[17, 18].More complex recurrent networks are applied to simulate the attention of the brain [19]. Lots of researches used recurrent or multistage networks to learn the attentional position [20, 21, 22, 23]
. Mnih et al. proposed Recurrent Attention Model (RAM) and presented the stochastic fixation strategy
[18]. Deep Recurrent Attentive Writer (DRAW) is proposed by Gregor et al. to learn the latent distribution of samples, and they also apply DRAW to finish classification task [24]. While none of them detects and classifies the objects jointly by recurrent network, and the hybrid strategy of stochastic and objectawareness fixation has not been discussed. Caicedo et al. utilized reinforcement learning method to localize objects with 9action policies [25], but frequently resizing cause too much deformation of objects and the location is not precise, meanwhile, repeatedly processing the large image makes the speed slow.Iii Recurrent Attention to Detection and Classification Network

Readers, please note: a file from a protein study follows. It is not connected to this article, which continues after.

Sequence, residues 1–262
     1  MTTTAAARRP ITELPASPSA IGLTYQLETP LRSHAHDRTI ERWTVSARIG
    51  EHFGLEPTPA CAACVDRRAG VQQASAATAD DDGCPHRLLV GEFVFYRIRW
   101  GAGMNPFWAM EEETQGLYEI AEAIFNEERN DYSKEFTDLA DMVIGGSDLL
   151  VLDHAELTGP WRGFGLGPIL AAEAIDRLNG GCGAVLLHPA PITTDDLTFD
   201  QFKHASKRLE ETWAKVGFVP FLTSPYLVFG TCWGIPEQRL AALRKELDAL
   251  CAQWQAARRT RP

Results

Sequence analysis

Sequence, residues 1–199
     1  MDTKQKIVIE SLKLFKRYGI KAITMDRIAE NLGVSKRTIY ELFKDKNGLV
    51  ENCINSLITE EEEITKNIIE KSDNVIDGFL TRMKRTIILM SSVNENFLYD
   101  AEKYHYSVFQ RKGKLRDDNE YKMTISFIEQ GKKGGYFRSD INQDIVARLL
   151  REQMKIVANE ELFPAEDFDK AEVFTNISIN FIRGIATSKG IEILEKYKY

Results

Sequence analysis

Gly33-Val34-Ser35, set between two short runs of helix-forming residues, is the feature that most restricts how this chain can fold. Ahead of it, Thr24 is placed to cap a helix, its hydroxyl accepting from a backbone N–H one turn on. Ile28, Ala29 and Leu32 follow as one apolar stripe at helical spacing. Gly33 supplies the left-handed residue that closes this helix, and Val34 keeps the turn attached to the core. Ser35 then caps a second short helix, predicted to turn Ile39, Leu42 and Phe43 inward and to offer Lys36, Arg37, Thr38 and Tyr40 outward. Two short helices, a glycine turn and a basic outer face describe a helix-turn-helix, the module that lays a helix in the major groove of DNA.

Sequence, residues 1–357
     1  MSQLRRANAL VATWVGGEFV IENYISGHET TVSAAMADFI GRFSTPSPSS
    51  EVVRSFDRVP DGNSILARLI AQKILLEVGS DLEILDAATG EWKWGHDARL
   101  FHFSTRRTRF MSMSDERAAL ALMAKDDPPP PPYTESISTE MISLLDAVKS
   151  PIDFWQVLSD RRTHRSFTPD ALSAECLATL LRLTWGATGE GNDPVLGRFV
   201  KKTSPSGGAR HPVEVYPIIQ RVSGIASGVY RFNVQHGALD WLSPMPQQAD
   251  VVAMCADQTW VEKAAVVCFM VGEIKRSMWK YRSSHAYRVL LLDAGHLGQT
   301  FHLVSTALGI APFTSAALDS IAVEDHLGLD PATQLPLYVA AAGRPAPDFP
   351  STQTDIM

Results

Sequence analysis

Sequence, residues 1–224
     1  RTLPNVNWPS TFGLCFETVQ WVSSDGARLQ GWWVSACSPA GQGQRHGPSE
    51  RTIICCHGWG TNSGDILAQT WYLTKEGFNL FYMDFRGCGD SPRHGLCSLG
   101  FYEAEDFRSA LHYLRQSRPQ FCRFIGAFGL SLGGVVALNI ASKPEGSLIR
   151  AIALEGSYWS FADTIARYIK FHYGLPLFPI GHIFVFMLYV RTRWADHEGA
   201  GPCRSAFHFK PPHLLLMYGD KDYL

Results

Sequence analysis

We propose a novel recurrent network to jointly predict the category and bounding box of an object with related local observations. The overview structure named RADCN is illustrated in Fig. 1. Three main modules in the network are: Attentional Representations Extractor (ARE), Information Fusion Network (IFN) and Multitask Actions (MTA).
Iiia Attentional Representations Extractor
A rich collection of contextual associations is important to search objects in the realworld environment [11]. Simulating the retina and the V1 area, we joint the retinalike capture and CNN learners together, which can provide attentional representations with abundant contextual information and significant spatial structures. The network of the proposed Attentional Representation Extractor is shown in Fig.2.